Ever since the original iconic duo, Thelma and Louise, roared onto cinema screens in 1991, the female duo narrative has been reimagined and reinvented countless times. From Edina and Patsy, to Buffy and Willow, and Broad City’s Abbi and Ilana, it’s a tried and tested formula for entertainment success.
Now, there’s a fresh update with a modern spin in sexy, intriguing new Spanish drama, The Pier by co-creators Álex Pina and Esther Martínez Lobato. Their female couplet: Alejandra and Verónica.
Like Thelma (the shy and retiring housewife) and Louise (the independent, free-spirited waitress) Verónica (Irene Arcos) and Alejandra, or Alex (Verónica Sánchez) embody sharply contrasting personalities. One is a tousled beach babe and the other, a successful corporate architect. Even their respective residences and hometowns reflect the differences in their personalities – the stark, structured, vertical city of Valencia, versus the horizontal rice paddies, waterways and marshes of Albufera National Park.
The Pier owes much to Thelma & Louise. It’s an exploration of self-discovery with a feminine gaze. The narratives of the two leads are ultimately defined by the reprehensible actions of the men (or man) in their lives. Lobato describes the series as an “emotional thriller”, whereupon the simple act of asking questions can result in drastic life upheaval.
A mysterious double life
When Alex is summoned in the middle of the night to identify the body of her husband, Óscar (Álvaro Morte), she insists that it’s a case of mistaken identity. After all, she tells Detective Conrado (Roberto Enríquez) her husband is in Frankfurt, not Spain. She spoke with him just last night. She even heard people speaking German in the background.
Alex’s world continues to unravel as she’s handed Oscar’s possessions – among them, an unfamiliar mobile phone. The phone leads Alex to Verónica, and she’s soon on a mission to untangle her husband’s lies, and find out more about the woman who is at the centre of her husband’s secret life.
Writing authentically feminine characters was important to The Pier’s creators.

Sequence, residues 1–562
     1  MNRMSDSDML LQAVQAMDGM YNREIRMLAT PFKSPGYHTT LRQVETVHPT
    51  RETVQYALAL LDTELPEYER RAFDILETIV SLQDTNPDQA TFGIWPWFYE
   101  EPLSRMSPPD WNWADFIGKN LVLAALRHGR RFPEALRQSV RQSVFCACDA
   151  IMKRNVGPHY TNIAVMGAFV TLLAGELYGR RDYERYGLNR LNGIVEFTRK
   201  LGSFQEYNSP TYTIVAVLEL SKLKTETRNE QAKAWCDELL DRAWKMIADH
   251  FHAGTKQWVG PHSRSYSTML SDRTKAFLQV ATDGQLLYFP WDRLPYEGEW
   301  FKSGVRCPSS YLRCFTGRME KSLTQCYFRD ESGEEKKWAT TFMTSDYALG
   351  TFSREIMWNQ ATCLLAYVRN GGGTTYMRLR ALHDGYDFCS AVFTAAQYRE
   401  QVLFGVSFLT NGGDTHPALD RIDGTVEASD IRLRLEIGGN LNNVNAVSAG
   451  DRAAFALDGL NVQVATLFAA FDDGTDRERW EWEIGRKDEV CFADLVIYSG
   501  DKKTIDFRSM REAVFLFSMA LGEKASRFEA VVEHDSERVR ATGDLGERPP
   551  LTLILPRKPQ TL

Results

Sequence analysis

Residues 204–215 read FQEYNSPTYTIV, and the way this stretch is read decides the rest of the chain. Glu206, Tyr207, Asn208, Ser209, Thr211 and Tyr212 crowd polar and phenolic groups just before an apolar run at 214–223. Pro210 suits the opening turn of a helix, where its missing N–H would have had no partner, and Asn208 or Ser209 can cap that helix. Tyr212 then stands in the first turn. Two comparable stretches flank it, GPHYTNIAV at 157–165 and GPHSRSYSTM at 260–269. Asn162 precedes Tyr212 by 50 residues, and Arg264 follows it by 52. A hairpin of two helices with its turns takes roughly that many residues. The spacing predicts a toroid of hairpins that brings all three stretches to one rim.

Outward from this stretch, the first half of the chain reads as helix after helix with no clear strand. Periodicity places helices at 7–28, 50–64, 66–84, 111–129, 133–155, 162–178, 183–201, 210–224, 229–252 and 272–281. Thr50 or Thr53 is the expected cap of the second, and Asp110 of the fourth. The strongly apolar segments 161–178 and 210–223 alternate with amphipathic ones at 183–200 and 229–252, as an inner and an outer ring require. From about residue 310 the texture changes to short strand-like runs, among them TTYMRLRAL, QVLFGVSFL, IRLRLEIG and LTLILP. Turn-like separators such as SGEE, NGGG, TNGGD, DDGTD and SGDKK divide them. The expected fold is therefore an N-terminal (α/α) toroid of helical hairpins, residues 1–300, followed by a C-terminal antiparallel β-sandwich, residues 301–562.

“We wanted to tell a character-driven story, as we always do,” Pina says. “On this occasion, it’s different from a thriller, crime or prison genre – from any other genre, really. We wanted to look at the psychology of someone who faces two milestones that happen in her life as a tsunami.”
The stunning Albufera National Park provides an expansive backdrop to Alex and Verónica’s journey together. The landscape has been shot in a golden-infused light, giving the earlier scenes an ethereal quality. It is, as Lobato notes “emotionally particular”, as the intention was to recreate the sense of holidays, beaches and sunsets.
There’s also a sense of the unexplored and the untamed in the landscape, imitating the unknown parts of each woman’s journey of self-discovery, as they venture into foreign emotional territory.
Just like Thelma & Louise all those years ago, The Pier is an unconventional take on the female duo narrative, and the strength of the series lies in its inherent identity. However unconventional though, The Pier’s plot doesn’t stray into unfamiliar emotional spaces. In fact, every viewer who is in, or has ever been in a romantic relationship can certainly sympathise with or recognise Alex’s predicament without too much imagining.
Whilst Thelma and Louise’s destinies are sealed by their fateful (and iconic) decision, Alex and Veronica’s futures are also irrefutably altered forever, as they embark on a journey of self-discovery, which, for Alex, raises far more questions than answers. Did she love a stranger for 15 years? Who is the mysterious Veronica, and does she know really what happened to Oscar on that terrible evening on The Pier in Albufera?
The only thing that is certain, is that neither woman will ever be the same again.
The Pier, season one is streaming in full, from Thursday 16 May at SBS On Demand:
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